Actually, it’s quite the opposite.
Many of our clients ask how a doula sets her fee, and why there is variation in fees from one doula to another. Most do not understand the time spent behind the scenes preparing for a birth, or the economics of being self employed. Experience also plays a huge role in a doula setting her fee. Let’s look into this further. For this post, we will consider an average doula fee here in Denver CO, of $1000.
A normal first time mom may be in labor for 14-16 hours or more. Don’t let this scare you! Early labor is the longest part. Although most birth doulas do not join their clients in early labor, they typically spend time with them by phone consulting and checking in, until it is time for the doula to join them.
Some labors (ex: inductions or baby in a less than optimal position impeding progress), may go on as long as 24-36 hours or more, requiring extra time spent with a client in need.
Average time spent with a client (just in) labor and birth is 10 hours. This is an average for a normal labor and birth. At least 30% of births fall into the categories of prodromal labor (baby probably not in prime position or back labor, early labor starting and stopping) or inductions, requiring much more time from your doula. A birth falling into one of these two groups could end with your doula having spent 18-30 hours with you. Easily.
Doulas also meet with their clients before and after the birth of their baby, for prenatal and postnatal appointments. Depending on how many visits your doula includes in her fee, this could be anywhere (on average) from an extra 4-8 hours, on top of the time spent at your birth.
Most, if not all, doulas make themselves available to their clients for questions leading up to your birth, by phone and/or email. This also requires time. Depending on the health history and circumstances surrounding the client, this could be anywhere from 1-3 hours.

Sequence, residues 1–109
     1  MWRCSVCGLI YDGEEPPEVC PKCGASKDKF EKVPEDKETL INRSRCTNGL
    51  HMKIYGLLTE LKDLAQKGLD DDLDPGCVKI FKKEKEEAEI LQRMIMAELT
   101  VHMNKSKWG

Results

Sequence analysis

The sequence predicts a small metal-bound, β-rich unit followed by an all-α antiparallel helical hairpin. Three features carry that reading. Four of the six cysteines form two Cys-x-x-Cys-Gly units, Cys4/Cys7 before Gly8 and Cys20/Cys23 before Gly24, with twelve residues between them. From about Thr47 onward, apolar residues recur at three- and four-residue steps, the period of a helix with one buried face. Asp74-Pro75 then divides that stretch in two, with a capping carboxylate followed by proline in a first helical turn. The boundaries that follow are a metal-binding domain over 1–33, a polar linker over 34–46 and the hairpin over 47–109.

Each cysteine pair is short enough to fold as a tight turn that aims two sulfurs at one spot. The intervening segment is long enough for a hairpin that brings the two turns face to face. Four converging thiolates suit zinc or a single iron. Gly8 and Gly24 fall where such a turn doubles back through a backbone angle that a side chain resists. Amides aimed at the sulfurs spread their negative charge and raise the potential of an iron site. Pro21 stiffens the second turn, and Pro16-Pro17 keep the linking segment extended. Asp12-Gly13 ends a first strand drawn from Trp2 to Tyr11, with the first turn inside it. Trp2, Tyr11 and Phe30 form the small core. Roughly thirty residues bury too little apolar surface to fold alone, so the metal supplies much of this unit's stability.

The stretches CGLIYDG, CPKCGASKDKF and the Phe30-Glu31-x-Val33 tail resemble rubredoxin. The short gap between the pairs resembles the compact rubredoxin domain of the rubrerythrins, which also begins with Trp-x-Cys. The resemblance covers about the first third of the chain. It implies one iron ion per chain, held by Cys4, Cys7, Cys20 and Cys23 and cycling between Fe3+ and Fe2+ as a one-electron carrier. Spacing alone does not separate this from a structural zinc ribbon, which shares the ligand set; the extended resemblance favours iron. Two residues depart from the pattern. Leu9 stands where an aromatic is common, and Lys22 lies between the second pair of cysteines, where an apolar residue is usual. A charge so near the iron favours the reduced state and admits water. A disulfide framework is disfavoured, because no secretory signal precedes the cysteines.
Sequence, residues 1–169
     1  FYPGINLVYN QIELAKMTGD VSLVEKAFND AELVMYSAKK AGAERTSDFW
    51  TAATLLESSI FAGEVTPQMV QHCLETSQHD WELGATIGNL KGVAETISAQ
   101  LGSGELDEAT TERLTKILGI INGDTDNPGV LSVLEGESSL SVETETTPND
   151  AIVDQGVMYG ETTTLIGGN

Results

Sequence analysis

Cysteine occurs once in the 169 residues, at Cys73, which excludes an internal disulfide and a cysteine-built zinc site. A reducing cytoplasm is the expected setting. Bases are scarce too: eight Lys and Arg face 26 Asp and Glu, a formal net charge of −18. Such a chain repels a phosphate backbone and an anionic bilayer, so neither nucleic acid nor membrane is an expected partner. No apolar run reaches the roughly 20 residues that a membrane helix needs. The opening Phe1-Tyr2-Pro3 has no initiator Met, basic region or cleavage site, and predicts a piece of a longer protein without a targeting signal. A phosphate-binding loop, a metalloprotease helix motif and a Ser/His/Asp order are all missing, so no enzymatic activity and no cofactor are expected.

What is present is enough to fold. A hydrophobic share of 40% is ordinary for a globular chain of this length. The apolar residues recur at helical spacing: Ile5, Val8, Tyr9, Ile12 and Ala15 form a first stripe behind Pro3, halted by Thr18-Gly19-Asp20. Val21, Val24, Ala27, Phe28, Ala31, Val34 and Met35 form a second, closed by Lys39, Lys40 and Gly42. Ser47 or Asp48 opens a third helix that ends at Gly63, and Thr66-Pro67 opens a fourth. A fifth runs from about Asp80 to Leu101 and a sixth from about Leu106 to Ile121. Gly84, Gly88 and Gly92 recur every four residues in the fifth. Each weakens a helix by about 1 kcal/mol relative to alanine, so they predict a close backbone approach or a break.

So what does this mean per hour? Let’s use an example of an average first time mom paying $1000 as a doula fee. This moms labor and birth happens completely textbook, normal labor and birth, averaging 16 hours from start to finish. In this example the family will receive two prenatal appointments and one postnatal appointment.
- Two prenatal appointments x 2 hours= 4 hours
- Phone calls/answering email questions prior to birth= 1 hour
- Phone calls in early labor and prep time for doula to leave=1 hour
- Labor support, active labor through birth and 1st feeding=10 hours
- One postnatal visit in clients home=2 hours
Total hours=18 hours=an earning of $55.55 per hour
That was fairly simple! But now we must remember, these figures are before business expenses (gas, liability insurance, marketing, office space, certification memberships, professional trainings AND taxes). Let’s deduct 30% for business expenses and Uncle Sam (a very low and probably unreasonable, estimate) and your doula is now making approximately $38.00 per hour.
Sure, there are times when a client may give birth quickly and the doula spends less than 4-5 hours with her. But this is very rare and these labors help to balance out the extra long labors that are more likely to occur.
Let’s put this into perspective. Your doula fee will be about (approximately) $1,000(+) less per hour than your OB fee. Average time spent by your medical provider (midwives not included), 10-15 minutes per appointment and 2 hours at your birth. No, I’m sorry, wait time in the office doesn’t count towards time spent.
Doulas are a rare breed. They can care for their families, their businesses, their clients, be in deep sleep and wake at the phones first ring, completely coherent and ready to go, at 2:00 am, whenever needed. Support a birthing family tirelessly, get home at noon the next day, take care of her family, get a quick snooze and potentially get called in to do it all over again.
Obviously, nobody can keep this up forever and this is why doulas limit the amount of clients they take each month. They must ensure down time to care for themselves as well as be ready to take care of their clients. Every doula I know has missed holidays, skipped vacations, missed birthdays, recitals, and more.
This is all part of the business. Yes, it is a business and one that a doula must love.
Don’t do it without a doula!
Stacey Melito ICCE, CD(DONA) has been an active childbirth educator and birth doula since 2001. She is also the owner of Natal to Nest, a pregnancy and new family wellness and fitness center located in Highlands Ranch, CO.